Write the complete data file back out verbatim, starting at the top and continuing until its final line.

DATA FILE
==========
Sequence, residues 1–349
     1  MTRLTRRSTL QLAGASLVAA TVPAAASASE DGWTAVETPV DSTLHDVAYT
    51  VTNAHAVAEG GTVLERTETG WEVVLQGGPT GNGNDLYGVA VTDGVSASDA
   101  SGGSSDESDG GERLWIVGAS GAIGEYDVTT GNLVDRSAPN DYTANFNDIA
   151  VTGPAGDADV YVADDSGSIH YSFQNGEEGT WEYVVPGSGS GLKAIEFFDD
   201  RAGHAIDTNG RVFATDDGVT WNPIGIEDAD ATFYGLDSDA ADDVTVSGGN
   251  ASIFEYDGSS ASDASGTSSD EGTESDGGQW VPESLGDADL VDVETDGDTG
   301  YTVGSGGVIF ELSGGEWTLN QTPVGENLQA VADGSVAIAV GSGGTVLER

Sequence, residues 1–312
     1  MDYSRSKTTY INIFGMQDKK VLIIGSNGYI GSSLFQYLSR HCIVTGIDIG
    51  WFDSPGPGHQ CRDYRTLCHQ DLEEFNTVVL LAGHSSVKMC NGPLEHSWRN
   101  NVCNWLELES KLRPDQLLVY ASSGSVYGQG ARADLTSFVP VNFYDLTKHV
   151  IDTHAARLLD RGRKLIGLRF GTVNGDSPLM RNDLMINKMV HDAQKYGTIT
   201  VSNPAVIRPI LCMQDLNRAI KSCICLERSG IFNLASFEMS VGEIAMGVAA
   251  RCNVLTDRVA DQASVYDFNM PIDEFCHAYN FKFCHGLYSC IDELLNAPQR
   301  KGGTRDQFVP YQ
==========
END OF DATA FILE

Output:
Sequence, residues 1–349
     1  MTRLTRRSTL QLAGASLVAA TVPAAASASE DGWTAVETPV DSTLHDVAYT
    51  VTNAHAVAEG GTVLERTETG WEVVLQGGPT GNGNDLYGVA VTDGVSASDA
   101  SGGSSDESDG GERLWIVGAS GAIGEYDVTT GNLVDRSAPN DYTANFNDIA
   151  VTGPAGDADV YVADDSGSIH YSFQNGEEGT WEYVVPGSGS GLKAIEFFDD
   201  RAGHAIDTNG RVFATDDGVT WNPIGIEDAD ATFYGLDSDA ADDVTVSGGN
   251  ASIFEYDGSS ASDASGTSSD EGTESDGGQW VPESLGDADL VDVETDGDTG
   301  YTVGSGGVIF ELSGGEWTLN QTPVGENLQA VADGSVAIAV GSGGTVLER

Sequence, residues 1–312
     1  MDYSRSKTTY INIFGMQDKK VLIIGSNGYI GSSLFQYLSR HCIVTGIDIG
    51  WFDSPGPGHQ CRDYRTLCHQ DLEEFNTVVL LAGHSSVKMC NGPLEHSWRN
   101  NVCNWLELES KLRPDQLLVY ASSGSVYGQG ARADLTSFVP VNFYDLTKHV
   151  IDTHAARLLD RGRKLIGLRF GTVNGDSPLM RNDLMINKMV HDAQKYGTIT
   201  VSNPAVIRPI LCMQDLNRAI KSCICLERSG IFNLASFEMS VGEIAMGVAA
   251  RCNVLTDRVA DQASVYDFNM PIDEFCHAYN FKFCHGLYSC IDELLNAPQR
   301  KGGTRDQFVP YQ